What are the main parties’ green policies at the election? Plastic bans, electric cars and free double-glazing… – The Sun

BLUE Planet and Extinction Rebellion have helped green issues to shoot up the agenda for this year's General Election.

Just over half of voters said that climate change would influence how they cast their ballot in the December poll, research revealed last month.

And for young Brits under 25 it leaps to 74 per cent, suggesting those who can tap into their demands will do well this time around.

The Sun Online takes a look at the green battlegrounds which could swing the vote, and what each of the parties want to do about it.


The Tories will be keen to highlight Theresa May's promise to make the UK the first major economy to go carbon neutral by 2050.

And they have pointed to a strong record on cutting greenhouse gases by 25 per cent since 2010 – faster than any other G20 nation.

Recently they've promised to plant a million trees to help offset carbon too.

The Lib Dems have promised to do the same by 2045, and have demanded citizens assemblies and a Green Investment Bank to fund new technologies.

But Labour's pledge is the most ambitious, at 2030 – as long as it protects workers.

Given there are thousands of jobs which rely on environments that aren't green, this could take see Labour avoid making the date a formal commitment in their manifesto.

Labour say they will create a new clean air act to enshrine in law emissions targets.

The Greens see the climate emergency as the greatest and most pressing issue of our time, and have demanded changes to the Climate Act to set limits on temperature increases.

They want Government policy to encourage small families, eating less meat, travelling less and a shift to low-carbon products.

Food should carry an environmental health warning to reflect emissions and the environmental impact, they say.


Michael Gove revealed a ban on plastic straw, stirrers and cotton buds which will come in next year, and will go towards slashing Britain's huge plastic waste pile.

The Tories have also brought in a charge for plastic bags in supermarkets, which has cut the number by 86 per cent since 2015.

Ministers have also committed to introducing a plastics tax for packaging by 2022 – unless it includes 30 per cent recycled materials – but there are fears this will push costs up for consumers.

Labour want to set targets for plastic bottle deposit schemes and will press manufacturers to reduce waste.


The Tories have already promised that all new homes will have to be more energy efficient, and reduce their carbon dioxide emissions.

Labour has promised to spend a huge £60billion upgrading all homes to the highest possible standards to keep warmth in and save the planet.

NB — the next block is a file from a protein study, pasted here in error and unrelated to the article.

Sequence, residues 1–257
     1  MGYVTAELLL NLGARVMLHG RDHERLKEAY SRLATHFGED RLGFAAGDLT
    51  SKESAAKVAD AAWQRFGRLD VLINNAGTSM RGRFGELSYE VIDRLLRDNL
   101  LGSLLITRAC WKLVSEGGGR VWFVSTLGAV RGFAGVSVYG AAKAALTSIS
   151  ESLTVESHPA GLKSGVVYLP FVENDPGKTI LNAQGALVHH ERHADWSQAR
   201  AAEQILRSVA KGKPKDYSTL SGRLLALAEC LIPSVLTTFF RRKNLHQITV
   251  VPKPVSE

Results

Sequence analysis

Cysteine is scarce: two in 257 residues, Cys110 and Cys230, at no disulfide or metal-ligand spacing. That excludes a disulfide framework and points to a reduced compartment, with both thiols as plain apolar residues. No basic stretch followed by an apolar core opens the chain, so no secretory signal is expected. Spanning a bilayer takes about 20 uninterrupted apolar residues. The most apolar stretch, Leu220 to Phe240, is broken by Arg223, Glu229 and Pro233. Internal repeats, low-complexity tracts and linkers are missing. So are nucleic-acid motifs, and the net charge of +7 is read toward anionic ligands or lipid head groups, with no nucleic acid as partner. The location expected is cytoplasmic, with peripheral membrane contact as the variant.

They also want to replace millions of gas boilers with more eco-friendly alternatives. For the poor, that will be paid for, but those better off can apply for an interest free loan.

All new homes will have higher standards to meet strict targets, but the Tories say this will slow down house-building and put up prices.

Labour also want to install solar panels on two million homes.

Ministers have revealed plans to ban gas heating for new houses by 2025, but gas hobs will still be allowed.

Lib Dems want to upgrade every home to band B in the energy performance ratings by 2025, with £15billion extra on home insulation.

The Greens are demanding energy efficiency standards for all appliances, homes and equipment at the best rate available.


The Greens, Labour and the Lib Dems have vowed to ban fracking, a controversial method for getting shale gas out of the earth.

And last week the Tories revealed they would pause it too, claiming there wasn't enough evidence yet.

Tories have said they will end the burning of coal for electricity by 2025 – one of the most polluting fossil fuels still being used.

The Lib Dems want to increase renewable energy to 80 per cent by 2030 by doubling wind and solar farm outputs.

All the main parties have vowed to boost offshore wind farms.

The Greens want to completely de-carbonise the energy system by plugging investment in renewables.


Labour want to boost public transport by bringing back railways into public ownership and support local bus services, which will come at a high cost.

They will introduce free bus travel for under 25s too.

The Conservatives have pledged more green funding for electric cars – with an extra £1billion over five years to boost green tech in the motor industry.

Labour has promised £3billion.

The Government have frozen fuel duty for the last nine years in a row – and have hinted they will continue to do so in future.

The Greens want more taxes on flying – and for airlines to pay extra charges on their aircrafts.

And they want to end the fuel duty freeze, increasing the cost of petrol for Brits who drive.

Sales of new petrol and diesel cars will be phased out by 2030, Labour and the Lib Dems say, and the Tories will do it by 2040.

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